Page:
The judge called a 20-minute adjournment for counsel to the family to take instruction: it actually extended for nearly 30 minutes.  The family liaised with their counsel by telephone, leaving the video-link running.  Although we couldn’t hear what was being said, everything about their body language and gestures signalled – at different times – anger, disbelief, panic and frantic distress.

When the hearing resumed, Varun Zaiwalla said that there seemed to have been a “misunderstanding” on the basis of which the family had sent the air ambulance to the hospital.   They had apparently believed that the Trust (or the Hospital staff) had agreed to the transfer.  He apologised on his client’s behalf.

The judge was gracious in her response. She said she understood, that the situation is “very difficult”, that “everyone’s upset and I completely understand that. I don’t criticise them”.  

Rhys Hadden (for the Trust) said that “to promote clarity” and “in an effort to assist” he suggested an addition to the order before the court, to the effect that “’AA is to reside in and receive care at the Hospital and must not be transferred or removed pending further order of the Court or agreement between the parties in writing, and that must include the Official Solicitor’.  I don’t say that to be heavy-handed.  I do think it will promote clarity.”

The matter was not so easily settled, however. Later, when asked to address the unrelated matter of the Official Solicitor’s role in the proceedings, the (unrepresented) son returned to this issue and said “the ambulance was not sent out of the blue. I have email after email after email asking when I was going to make arrangements to transfer the patient. The only question was who was going to pay, and I said I would.”

And still later, this air ambulance was raised again. At around 4.30pm (half an hour before the projected time for the air ambulance transfer to be effected),  Varun Zaiwalla said that his client had “evidence that the Trust has agreed to transfer AA today by air ambulance…. As such the court should go ahead and authorise that transfer today”.  

The judge asked for that evidence and after a few fragments of email correspondence were read out in court,  she said she was not willing to engage with a few emails out of context but would need the full correspondence, which had not been submitted to the court.  “No.  Produce all of it NOW if you want to make that application.”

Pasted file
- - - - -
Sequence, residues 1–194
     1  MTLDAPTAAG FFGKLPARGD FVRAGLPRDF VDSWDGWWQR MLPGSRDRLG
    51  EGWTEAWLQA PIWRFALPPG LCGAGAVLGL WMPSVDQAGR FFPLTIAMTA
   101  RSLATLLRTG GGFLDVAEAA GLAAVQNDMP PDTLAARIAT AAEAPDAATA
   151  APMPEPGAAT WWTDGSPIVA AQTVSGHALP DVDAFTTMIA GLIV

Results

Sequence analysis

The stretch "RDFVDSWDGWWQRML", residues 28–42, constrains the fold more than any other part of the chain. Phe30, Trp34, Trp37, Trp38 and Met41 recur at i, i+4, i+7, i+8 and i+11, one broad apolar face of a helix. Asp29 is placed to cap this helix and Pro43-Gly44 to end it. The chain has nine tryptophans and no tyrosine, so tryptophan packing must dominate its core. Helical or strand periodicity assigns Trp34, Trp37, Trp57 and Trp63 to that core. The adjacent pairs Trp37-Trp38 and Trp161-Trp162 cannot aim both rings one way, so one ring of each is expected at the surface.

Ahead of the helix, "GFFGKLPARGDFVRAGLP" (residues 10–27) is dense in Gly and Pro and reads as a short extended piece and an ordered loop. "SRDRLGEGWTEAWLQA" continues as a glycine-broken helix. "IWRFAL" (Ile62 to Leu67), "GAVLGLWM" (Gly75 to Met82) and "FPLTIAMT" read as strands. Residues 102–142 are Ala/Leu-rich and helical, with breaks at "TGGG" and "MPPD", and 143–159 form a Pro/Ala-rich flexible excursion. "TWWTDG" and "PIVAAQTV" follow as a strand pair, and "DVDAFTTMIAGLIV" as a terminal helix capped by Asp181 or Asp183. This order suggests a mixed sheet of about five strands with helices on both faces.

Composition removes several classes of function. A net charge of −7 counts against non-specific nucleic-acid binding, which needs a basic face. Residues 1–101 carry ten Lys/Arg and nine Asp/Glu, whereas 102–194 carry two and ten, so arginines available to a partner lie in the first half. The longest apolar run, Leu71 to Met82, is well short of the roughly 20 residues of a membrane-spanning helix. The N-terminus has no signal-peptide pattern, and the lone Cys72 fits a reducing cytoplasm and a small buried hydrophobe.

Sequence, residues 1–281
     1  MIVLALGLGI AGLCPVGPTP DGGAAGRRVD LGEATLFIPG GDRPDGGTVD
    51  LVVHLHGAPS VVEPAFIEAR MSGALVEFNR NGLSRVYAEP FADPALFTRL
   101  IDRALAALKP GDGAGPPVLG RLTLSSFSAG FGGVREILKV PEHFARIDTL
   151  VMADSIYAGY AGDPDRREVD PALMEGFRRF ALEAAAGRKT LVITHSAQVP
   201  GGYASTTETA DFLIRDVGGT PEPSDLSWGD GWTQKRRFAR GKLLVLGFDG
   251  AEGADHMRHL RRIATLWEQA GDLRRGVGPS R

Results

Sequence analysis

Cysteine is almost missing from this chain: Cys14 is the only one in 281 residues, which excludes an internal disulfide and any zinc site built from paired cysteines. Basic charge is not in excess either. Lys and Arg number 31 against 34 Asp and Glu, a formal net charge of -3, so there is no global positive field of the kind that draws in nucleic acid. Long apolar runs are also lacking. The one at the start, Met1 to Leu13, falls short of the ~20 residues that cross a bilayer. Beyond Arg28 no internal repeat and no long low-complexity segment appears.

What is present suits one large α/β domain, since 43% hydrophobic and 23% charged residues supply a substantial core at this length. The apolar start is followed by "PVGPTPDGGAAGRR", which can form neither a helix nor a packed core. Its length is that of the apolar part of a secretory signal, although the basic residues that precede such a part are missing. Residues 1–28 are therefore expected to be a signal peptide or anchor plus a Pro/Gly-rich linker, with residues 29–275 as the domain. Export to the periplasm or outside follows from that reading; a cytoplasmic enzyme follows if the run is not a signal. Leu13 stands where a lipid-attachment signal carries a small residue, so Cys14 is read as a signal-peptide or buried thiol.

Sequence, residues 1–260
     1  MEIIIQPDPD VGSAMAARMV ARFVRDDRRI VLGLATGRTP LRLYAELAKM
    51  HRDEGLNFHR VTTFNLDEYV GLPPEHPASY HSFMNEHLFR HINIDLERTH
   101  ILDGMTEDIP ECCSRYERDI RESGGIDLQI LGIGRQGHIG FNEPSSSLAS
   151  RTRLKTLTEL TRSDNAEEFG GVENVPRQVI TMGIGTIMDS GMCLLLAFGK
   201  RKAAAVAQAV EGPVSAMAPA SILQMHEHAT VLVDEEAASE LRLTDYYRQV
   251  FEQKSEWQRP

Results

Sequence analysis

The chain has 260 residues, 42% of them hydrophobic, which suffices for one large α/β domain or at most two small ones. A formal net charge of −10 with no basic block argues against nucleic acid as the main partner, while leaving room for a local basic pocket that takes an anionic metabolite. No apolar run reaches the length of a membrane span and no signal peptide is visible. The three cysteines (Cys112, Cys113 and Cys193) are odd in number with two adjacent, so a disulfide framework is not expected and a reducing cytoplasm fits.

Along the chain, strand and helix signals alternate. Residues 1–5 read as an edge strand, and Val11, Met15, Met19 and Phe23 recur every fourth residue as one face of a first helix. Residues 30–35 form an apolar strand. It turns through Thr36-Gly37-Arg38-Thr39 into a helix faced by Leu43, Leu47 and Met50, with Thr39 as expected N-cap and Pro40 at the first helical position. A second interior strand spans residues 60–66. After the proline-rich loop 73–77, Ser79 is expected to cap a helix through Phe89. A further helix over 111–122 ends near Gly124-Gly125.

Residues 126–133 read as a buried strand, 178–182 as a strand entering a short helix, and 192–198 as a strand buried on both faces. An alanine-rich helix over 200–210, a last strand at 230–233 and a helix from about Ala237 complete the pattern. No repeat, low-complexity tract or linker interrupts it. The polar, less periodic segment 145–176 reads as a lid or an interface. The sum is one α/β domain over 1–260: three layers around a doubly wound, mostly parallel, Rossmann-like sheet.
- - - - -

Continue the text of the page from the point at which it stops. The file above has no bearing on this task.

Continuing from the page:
This led to another adjournment of around 25 minutes,  following which Varun Zaiwalla returned only to say, “I have no more submissions to make with regard to the emails”, suggesting the judge might want to hear from the (unrepresented) son.  The judge declined:  “I don’t have any of the primary material in front of me. I don’t have the full run of emails before me, so I don’t think I’m going to be assisted by oral submissions on this topic.

Appointment of the Official Solicitor

At some point in the hearing, in response to an unrelated question, the son had said that he opposed appointment of the Official Solicitor: “I don’t think the Official Solicitor should be allowed”.  

Once the matter of the air ambulance had been cleared up (and before it returned again as an issue), the judge picked up on this and addressed Emma Sutton, the proposed litigation friend for AA via the Official Solicitor – who despite not having been formally appointed played a full role in this hearing: “Why do you say AA requires to be represented, and represented by the Official Solicitor?

Emma Sutton explained the role of the Official Solicitor in the Court of Protection.  When someone lacks capacity to conduct proceedings, as AA clearly does, she requires a litigation friend.  In serious medical treatment cases, that is often the Official Solicitor.  In a situation like this one, where there is a clear divide between the Trust and family members, and where the (unrepresented) son says he doesn’t trust any doctors, it’s not feasible to have a family member act as litigation friend.  The Official Solicitor “doesn’t take sides” and will “provide an objective analysis”.  Her appointment is “inevitable on the particular facts of this case.”

For the Trust, Rhys Hadden agreed that “the case does require an independent, impartial litigation friend, and at the moment no alternatives are put forward”.